Over one-third of consumers have suffered card fraud: report

Over one-third of consumers have suffered card fraud: report

THIRTY-SIX per cent of consumers in Singapore have experienced card fraud in the past five years, according to a new study done by ACI Worldwide and Aite Group.

ACI is a global payments company which helps financial institutions in electronic payments and banking, while Aite is an independent research and advisory firm focused on business, technology and regulatory issues, and their impact on the financial services industry.

The global fraud study of more than 6,000 consumers across 20 countries revealed that, compared to ACI's 2014 benchmark study, card fraud rates - unauthorised activity on three types of payment cards (debit, credit and prepaid) - has risen 8 per cent in Singapore.

The report showed that 14 of the 17 countries surveyed in both years reported an increase in card fraud between 2014 and 2016. Risky behaviour (such as leaving a smartphone unlocked when not in use) has a direct correlation to fraud, and the overall risk of fraud is rising due to the global increase in smartphone and tablet usage, the survey noted.

In the Asia-Pacific region, Australia (40 per cent), India (37 per cent) and Singapore (36 per cent) experienced the most card fraud in 2016. Consumers in Thailand, India and Indonesia exhibited the riskiest behaviour among countries in the region, compared to their counterparts in Australia, New Zealand and Singapore. Risky behaviour is defined as leaving smartphones unlocked when not in use, shopping online from computers without adequate security, responding to emails or calls asking for banking details, and keeping the PIN (personal identification number) along with the card.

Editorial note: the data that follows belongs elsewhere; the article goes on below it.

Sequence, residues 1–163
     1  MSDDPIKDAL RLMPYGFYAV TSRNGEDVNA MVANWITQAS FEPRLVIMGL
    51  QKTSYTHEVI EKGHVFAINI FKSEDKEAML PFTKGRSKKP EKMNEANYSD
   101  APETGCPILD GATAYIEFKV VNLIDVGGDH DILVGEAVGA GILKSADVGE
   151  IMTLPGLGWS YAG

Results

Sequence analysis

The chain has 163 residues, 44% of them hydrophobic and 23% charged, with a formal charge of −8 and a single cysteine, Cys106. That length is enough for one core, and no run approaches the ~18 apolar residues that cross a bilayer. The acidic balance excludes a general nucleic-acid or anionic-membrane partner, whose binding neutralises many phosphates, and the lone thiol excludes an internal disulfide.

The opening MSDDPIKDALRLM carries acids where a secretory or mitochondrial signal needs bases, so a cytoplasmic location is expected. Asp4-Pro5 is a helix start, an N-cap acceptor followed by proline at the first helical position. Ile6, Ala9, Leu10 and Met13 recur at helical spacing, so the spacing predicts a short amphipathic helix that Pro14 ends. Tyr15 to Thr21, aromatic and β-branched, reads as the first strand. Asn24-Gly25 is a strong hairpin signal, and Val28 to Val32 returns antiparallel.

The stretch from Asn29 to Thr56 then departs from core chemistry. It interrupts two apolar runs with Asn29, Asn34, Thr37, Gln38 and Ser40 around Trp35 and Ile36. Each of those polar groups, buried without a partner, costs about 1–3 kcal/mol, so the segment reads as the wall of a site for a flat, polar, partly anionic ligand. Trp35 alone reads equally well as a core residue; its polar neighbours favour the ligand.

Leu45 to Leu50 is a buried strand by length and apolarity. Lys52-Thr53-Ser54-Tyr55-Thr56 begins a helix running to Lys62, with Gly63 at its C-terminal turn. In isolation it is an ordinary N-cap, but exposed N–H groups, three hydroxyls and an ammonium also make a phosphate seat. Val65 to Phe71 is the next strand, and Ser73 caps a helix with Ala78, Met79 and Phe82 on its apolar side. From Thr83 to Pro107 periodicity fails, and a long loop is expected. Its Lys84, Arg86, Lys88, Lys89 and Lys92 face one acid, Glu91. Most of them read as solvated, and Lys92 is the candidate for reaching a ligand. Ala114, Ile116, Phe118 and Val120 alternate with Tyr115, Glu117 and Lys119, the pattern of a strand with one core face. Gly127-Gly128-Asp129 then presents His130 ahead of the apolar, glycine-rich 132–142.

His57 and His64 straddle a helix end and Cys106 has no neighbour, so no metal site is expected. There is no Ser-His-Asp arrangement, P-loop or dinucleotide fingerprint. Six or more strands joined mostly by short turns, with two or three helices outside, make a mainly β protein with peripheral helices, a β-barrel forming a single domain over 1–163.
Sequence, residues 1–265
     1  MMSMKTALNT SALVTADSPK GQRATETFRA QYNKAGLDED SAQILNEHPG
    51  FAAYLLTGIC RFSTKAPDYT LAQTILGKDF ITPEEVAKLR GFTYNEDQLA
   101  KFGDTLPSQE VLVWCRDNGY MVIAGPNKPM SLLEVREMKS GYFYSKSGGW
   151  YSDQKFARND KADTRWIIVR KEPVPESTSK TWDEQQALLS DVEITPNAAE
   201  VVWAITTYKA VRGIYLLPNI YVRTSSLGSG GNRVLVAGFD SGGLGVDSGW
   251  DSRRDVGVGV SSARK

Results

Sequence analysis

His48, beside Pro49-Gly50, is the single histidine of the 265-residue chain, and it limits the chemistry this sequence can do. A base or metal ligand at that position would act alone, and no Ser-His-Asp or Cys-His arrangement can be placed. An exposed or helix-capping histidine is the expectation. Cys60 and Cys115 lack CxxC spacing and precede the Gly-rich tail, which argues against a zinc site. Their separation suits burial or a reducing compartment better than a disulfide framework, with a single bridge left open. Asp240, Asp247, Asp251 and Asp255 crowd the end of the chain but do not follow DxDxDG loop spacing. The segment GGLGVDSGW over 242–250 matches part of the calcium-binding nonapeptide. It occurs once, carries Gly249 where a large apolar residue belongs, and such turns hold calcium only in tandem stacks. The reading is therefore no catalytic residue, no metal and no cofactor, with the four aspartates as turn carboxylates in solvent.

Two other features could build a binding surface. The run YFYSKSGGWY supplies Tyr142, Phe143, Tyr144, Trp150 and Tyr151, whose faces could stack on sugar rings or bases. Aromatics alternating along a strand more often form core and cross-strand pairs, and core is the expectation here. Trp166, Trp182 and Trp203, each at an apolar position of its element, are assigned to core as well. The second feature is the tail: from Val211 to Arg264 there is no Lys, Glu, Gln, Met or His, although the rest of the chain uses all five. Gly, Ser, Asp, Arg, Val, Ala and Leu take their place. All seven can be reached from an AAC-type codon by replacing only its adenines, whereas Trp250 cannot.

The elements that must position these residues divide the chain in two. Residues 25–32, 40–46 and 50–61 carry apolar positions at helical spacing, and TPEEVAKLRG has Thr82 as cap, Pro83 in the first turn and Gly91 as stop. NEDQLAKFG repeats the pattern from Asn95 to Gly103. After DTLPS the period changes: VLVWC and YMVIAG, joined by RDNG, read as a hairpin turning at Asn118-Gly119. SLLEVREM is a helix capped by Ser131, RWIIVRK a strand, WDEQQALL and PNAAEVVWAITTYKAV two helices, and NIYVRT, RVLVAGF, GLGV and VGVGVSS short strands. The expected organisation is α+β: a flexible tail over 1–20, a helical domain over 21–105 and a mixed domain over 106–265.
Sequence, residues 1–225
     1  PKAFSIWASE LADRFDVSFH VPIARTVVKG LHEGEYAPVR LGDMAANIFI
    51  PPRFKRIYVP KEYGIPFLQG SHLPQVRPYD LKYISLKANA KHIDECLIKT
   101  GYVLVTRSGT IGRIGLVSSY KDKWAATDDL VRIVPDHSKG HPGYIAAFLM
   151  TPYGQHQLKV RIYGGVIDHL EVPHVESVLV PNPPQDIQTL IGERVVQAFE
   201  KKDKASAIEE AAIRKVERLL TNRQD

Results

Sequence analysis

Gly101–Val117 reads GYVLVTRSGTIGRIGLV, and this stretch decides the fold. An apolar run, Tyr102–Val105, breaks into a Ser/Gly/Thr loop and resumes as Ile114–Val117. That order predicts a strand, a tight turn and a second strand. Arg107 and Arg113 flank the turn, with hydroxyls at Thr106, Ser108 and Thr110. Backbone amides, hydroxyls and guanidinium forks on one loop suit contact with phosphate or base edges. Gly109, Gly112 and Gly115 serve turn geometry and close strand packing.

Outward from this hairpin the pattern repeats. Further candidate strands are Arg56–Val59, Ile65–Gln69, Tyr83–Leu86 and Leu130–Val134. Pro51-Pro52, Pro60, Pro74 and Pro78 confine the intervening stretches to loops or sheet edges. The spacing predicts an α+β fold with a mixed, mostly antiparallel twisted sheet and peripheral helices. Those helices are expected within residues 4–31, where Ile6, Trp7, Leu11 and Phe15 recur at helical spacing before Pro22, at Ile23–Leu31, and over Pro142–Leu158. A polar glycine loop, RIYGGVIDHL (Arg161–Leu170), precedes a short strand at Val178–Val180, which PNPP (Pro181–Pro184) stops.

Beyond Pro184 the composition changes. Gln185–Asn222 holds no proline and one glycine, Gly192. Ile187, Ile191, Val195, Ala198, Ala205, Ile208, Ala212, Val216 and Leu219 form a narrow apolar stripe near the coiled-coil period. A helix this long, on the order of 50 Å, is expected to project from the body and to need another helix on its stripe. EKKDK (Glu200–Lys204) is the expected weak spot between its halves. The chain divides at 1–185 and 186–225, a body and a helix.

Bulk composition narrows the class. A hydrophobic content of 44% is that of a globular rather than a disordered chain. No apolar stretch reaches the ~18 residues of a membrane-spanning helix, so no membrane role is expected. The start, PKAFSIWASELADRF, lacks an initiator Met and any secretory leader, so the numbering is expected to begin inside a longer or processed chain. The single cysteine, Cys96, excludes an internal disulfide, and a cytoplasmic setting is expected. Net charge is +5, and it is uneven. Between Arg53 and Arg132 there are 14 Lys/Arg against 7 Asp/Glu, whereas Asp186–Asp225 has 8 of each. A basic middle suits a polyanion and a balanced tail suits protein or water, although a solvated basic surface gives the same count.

The top risky behaviour among respondents in Singapore was throwing papers or documents with account numbers (for example, bank statements) into the trash bin. Among the countries in the region, Singapore had the highest percentage of respondents (35 per cent) who had done so in the past five years.

Speaking to BT, ACI's Giselle Lindley noted there is higher potential for fraud attacks to occur in more affluent markets like Singapore. Hence, security must always be a priority.

"Financial institutions and merchants need to put in place fraud solutions which accurately detect and prevent fraudulent transactions themselves. This will help address consumer concerns around identify theft and data breaches. Of equal importance will be that these solutions also accurately identify genuine activity in real time to ensure minimal friction for legitimate customers," added Ms Lindley, ACI's Asia-Pacific solution and fraud consultants leader, payments risk solutions and big data.

Ben Knieff, senior research analyst at Aite Group, added that card fraud rates are on the rise in the majority of countries included in the survey. "The data shows that consumer education and customer service remain a challenge for financial institutions globally, as risky behaviour has a direct correlation to experiencing fraud," he noted.